What happens when an all American woman with a French-Italian name moves to Switzerland? American writer Chantal Panozzo tells all about it in her recently published book, Swiss Life: 30 Things I Wish I’d Known. With her trademark humor, she shares her evolution as an American transplant through all phases of withering and thriving as an expat in the extra clean cantons of Switzerland in 30 tightly written essays.
Chantal offers great lessons and reflections for any expatriate. As she warns in her Disclaimer, “Trying to continue your life (rather than take a vacation from it) in a foreign place is a challenge as undefined and daunting as the Swiss Alps.” The 30 essays are divided into six chapters which are “About” different phases of her expat life that she had “Wish She Had Known.” Many of her experiences and observations can be shared by most foreigners living in Teutonic Europe, but any expat or anyone curious about expat life can appreciate the isolation, bewilderment and triumphs that Chantal depicts as the outsider in a new place full of peculiarities such as Switzerland. In her first chapter entitled “What I Wish I Had Known About Myself,” she writes of her trailing spouse identity crisis with some heart aching poignancy and accuracy detailing the shift of balance in marriage and the daunting and sometimes defeating task of redefining oneself. She ends the chapter with this inner dialogue following a startling displacing visit back home. “What the heck was I thinking when we moved abroad? I had been thinking adventure. Not of being ruined for life no matter what country I lived in…Expats are possibly the most confused people on earth and I had permanently become one of them, floating between who I used to be and who I had become.” This sense of displacement amongst moments of discovery is a theme throughout the book.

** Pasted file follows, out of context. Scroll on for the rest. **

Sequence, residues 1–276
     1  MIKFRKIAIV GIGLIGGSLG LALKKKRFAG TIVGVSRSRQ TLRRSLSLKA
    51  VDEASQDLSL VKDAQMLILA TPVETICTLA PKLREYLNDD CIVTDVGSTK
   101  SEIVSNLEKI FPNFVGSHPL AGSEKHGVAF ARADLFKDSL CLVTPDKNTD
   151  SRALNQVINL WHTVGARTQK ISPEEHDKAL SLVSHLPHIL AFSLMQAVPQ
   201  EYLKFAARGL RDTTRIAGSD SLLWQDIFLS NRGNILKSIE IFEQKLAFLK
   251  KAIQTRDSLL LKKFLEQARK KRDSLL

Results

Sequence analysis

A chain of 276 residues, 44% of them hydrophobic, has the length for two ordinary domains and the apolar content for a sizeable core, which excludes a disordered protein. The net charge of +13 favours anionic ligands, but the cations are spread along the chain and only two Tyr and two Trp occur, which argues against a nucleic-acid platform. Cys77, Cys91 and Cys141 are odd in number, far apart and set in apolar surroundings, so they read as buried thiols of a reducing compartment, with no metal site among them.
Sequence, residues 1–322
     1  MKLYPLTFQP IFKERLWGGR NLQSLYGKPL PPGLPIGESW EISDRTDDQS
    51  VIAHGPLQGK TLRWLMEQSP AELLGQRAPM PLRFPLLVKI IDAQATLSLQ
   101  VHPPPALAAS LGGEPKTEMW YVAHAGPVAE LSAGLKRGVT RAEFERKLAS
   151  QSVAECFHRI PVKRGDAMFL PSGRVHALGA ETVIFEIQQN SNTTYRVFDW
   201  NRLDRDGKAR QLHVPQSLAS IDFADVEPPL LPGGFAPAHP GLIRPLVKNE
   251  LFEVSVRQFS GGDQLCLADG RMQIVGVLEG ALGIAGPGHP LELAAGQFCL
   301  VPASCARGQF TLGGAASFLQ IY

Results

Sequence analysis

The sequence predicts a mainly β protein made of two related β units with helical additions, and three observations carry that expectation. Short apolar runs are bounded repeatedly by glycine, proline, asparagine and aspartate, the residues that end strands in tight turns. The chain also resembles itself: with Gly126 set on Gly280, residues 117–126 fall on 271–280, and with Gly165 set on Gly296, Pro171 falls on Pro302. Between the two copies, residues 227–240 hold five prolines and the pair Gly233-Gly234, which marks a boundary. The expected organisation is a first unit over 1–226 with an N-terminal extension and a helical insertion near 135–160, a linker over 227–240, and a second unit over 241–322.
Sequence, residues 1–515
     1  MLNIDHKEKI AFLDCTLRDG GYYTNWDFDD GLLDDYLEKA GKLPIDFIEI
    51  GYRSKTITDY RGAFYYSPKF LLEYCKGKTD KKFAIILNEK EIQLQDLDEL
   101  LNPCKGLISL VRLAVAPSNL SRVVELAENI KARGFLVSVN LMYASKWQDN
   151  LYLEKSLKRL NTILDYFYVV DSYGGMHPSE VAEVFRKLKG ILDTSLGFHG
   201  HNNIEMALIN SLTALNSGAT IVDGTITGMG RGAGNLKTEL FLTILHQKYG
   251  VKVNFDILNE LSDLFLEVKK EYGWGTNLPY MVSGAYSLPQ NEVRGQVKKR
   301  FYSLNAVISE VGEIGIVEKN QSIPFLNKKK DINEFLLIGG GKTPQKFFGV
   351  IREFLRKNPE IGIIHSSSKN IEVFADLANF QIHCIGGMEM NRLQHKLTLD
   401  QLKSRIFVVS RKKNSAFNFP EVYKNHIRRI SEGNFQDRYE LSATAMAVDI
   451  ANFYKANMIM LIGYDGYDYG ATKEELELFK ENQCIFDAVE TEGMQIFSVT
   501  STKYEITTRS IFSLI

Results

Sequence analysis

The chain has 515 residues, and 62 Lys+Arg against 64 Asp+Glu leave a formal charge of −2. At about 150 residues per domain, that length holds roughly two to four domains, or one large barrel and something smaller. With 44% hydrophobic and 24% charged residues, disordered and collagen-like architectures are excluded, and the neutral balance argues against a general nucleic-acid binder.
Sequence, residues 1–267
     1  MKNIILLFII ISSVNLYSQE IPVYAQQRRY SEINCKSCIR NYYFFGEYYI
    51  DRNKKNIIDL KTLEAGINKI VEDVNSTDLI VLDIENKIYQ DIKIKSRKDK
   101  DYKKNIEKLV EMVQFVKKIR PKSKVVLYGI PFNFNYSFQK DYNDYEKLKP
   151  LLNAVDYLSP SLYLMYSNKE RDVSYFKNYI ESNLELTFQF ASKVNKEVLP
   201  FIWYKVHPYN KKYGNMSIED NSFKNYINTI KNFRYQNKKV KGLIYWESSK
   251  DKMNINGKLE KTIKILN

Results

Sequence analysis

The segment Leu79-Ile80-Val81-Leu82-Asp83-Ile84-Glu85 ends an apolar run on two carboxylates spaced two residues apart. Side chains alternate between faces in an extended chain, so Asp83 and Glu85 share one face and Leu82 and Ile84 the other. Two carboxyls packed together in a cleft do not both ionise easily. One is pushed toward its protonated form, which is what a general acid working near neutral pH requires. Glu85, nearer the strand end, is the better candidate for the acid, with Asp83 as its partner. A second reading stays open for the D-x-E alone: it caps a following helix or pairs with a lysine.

With lots of doses of humor, humility and honesty, readers of Swiss Life will cheer with Chantal as she takes the plunge and decides to swallow her pride and publicly talk about her unemployment on Swiss radio, cringe with her as she survives a bizarre and boozy evening out with colleagues at a strip bar while trying to master the laugh-and-nod in fake comprehension, and gets her swollen breastfeeding breasts slathered in the classic Teutonic homeopathic remedy of quark. By the end, it is easy to feel the same twinge of homesickness alongside Chantal as she describes the importance of Skype in building a quasi-virtual relationship between her family back in the States and young daughter.
Her subtitle for the book is “Life in Switzerland. The not-made-for-TV-version.” The 30 essays she shares are indeed brutally honest and not meant for any channel, but I would argue that in fact Swiss Life could be the stuff for very good TV for the smarter viewer. While Swiss Life is Swiss specific, any German Way reader would find deep appreciation in this solidly written expat account.